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You make many strong points but they are based on the 200m limit denying international law. In the absence of further UN documentation, I respectfully contend the opposite.

Insofar as the 200m limit is concerned, there are multiple references in UNCLOS to international passages [trade routes] being regarded as "the high seas", even though such routes lie within any EEZ or confined straits

eg. [partic. sect. 2, which largely refers to piracy as we know]

"Article 58
Rights and duties of other States in the exclusive economic zone
1. In the exclusive economic zone, all States, whether coastal or land-locked, enjoy, subject to the relevant provisions of this Convention, the freedoms referred to in article 87 of navigation and overflight and of the laying of submarine cables and pipelines, and other internationally lawful uses of the sea related to these freedoms, such as those associated with the operation of ships, aircraft and submarine cables and pipelines, and compatible with the other provisions of this Convention.

2. Articles 88 to 115 and other pertinent rules of international law
apply to the exclusive economic zone in so far as they are not incompatible with this Part.

3. In exercising their rights and performing their duties under this Convention in the exclusive economic zone, States shall have due regard to the rights and duties of the coastal State and shall comply with the laws and regulations adopted by the coastal State in accordance with the provisions of this Convention and other rules of international law in so far as they are not incompatible with this Part."

It is quite clear from this article that an EEZ doesn't preclude "high seas" provisions, there are other articles providing for search by warships etc.
After an extensive search I found no references to “international passages” in UNCLOS. I suspect that you are confusing it with the right of transit passage and the right of innocent passage. These most explicitly DO NOT allow military operations (i.e. anti-pirate) without permission of the sovereign state.

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I take your point that the searcher may be liable for costs incurred by the searched [delayed] vessel. How many Somali "fishermen" are going to the Hague to press a law suit over a 30 minute delay in their "fishing". Maybe even to be recompensed for AKs and RPGs they threw overboard?
Actually, it may be possible to claim a human rights violation [no one has allowed this to be tried yet, the complainant gets paid off (bribed) to drop the case]. That is not cheap, and frequently the ship captain involved will be reassigned, like a cop involved in a justifiable shooting, and for the same reasons.
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Does it in anyway affect the [UNs] status of the pirates attacking vessels outside said zone, such as near Sri Lanka or Madagascar?
Yes. Also Nigeria, China, and the Straits of Malacca to name a few others.
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Old January 28th, 2011   #51
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My2Cents,
"After an extensive search I found no references to “international passages” in UNCLOS. I suspect that you are confusing it with the right of transit passage and the right of innocent passage. These most explicitly DO NOT allow military operations (i.e. anti-pirate) without permission of the sovereign state."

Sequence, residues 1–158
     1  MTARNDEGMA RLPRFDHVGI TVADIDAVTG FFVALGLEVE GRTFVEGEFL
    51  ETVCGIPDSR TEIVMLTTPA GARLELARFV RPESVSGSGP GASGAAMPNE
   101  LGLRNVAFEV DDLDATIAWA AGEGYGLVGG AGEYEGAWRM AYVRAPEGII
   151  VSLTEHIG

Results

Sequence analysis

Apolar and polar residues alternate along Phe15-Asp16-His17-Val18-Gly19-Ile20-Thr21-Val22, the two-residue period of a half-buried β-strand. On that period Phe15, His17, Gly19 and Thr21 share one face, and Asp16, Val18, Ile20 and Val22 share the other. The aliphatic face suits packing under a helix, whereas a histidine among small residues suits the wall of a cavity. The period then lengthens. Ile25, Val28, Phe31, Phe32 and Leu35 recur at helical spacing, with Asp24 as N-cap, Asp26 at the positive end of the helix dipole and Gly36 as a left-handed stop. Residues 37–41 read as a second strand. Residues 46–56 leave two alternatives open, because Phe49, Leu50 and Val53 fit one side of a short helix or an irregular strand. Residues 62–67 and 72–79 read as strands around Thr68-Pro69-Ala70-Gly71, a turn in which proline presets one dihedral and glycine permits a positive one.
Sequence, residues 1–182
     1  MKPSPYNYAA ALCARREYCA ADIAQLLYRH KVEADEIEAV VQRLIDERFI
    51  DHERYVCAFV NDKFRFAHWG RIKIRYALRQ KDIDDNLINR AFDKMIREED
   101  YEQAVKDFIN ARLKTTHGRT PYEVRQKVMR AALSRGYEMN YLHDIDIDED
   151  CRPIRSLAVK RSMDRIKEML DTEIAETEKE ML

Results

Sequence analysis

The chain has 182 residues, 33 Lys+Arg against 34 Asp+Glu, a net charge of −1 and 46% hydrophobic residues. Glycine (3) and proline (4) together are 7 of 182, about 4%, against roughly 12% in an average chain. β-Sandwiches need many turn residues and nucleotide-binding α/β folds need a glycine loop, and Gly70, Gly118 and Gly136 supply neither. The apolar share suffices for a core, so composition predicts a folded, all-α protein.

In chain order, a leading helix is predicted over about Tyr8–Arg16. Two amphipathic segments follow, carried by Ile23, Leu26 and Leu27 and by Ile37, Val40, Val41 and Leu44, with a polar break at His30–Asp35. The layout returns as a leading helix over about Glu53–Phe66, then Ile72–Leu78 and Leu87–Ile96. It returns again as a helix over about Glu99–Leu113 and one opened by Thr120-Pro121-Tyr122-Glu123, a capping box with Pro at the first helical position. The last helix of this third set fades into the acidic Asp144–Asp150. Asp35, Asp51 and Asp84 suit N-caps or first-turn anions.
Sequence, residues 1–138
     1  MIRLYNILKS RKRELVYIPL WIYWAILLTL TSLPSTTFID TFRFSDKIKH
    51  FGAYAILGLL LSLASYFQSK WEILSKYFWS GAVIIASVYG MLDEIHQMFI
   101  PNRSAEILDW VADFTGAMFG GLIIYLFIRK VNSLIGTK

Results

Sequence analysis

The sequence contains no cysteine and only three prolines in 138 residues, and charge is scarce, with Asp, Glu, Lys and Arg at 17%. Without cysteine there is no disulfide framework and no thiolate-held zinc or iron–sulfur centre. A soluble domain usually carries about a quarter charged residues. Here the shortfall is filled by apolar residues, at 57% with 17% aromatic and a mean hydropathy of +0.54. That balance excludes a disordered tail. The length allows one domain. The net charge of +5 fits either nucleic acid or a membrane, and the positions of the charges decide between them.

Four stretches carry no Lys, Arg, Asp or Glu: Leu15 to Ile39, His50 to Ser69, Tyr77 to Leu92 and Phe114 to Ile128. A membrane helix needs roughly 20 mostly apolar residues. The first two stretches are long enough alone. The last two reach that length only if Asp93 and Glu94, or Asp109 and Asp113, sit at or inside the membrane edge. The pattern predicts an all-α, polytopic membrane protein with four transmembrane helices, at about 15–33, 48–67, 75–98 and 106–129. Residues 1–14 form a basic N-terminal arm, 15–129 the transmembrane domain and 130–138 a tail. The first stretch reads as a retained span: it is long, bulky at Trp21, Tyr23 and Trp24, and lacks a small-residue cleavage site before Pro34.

No mate, I'm not confusing those definitions at all and my understanding of the articles is diametrically opposite to yours, so it's better to agree to disagree with on these points. The full rules are available as a .pdf file from their website.

Article 58 sect.2 is very specific to me, so I guess only the UNs written interpretation of where warships can combat piracy will break the deadlock, there's no point in spending more time on it.

Thanks for your advice on where to look, I'll pass it on.

Cheers,
Mac
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Old January 28th, 2011   #52
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Article 58 sect.2 is very specific to me, so I guess only the UNs written interpretation of where warships can combat piracy will break the deadlock, there's no point in spending more time on it.

Thanks for your advice on where to look, I'll pass it on.

Cheers,
Mac
as a practical example.

indonesia and malaysia have denied the rights for any other country (except singapore which has shared responsibility) permission to go into the Straits and help pursue or police pirates. it may be an international passageway with rights of way for commercial traffic, but they have the right to deny any military vessel access if they push the point - another example would be the dardanelles.
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Old January 28th, 2011   #53
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as a practical example.

indonesia and malaysia have denied the rights for any other country (except singapore which has shared responsibility) permission to go into the Straits and help pursue or police pirates. it may be an international passageway with rights of way for commercial traffic, but they have the right to deny any military vessel access if they push the point - another example would be the dardanelles.
Thanks GF,
The articles dealing with confined straits and archepelagic passages are dealt with elsewhere and i agree are as you and My2Cents say.

However he is contending:-
a/ that the UN has deemed piracy not to be a crime.
"Firstly because, thanks to the UN, piracy is no longer recognized as a crime" post #42
I disagree with that interpretation of UNCLOS see post#44

b/"Also, because trials must take place under the laws of a host country, the trials can only take place if the vessel is ‘flagged’ by the same nation as that holding the trials." ibid